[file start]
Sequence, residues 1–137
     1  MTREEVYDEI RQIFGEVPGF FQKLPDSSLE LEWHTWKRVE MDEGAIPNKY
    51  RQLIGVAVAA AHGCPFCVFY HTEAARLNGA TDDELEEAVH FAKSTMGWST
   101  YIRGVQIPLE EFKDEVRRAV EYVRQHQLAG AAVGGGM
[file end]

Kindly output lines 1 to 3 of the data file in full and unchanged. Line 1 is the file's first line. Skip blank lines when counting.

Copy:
Sequence, residues 1–137
     1  MTREEVYDEI RQIFGEVPGF FQKLPDSSLE LEWHTWKRVE MDEGAIPNKY
    51  RQLIGVAVAA AHGCPFCVFY HTEAARLNGA TDDELEEAVH FAKSTMGWST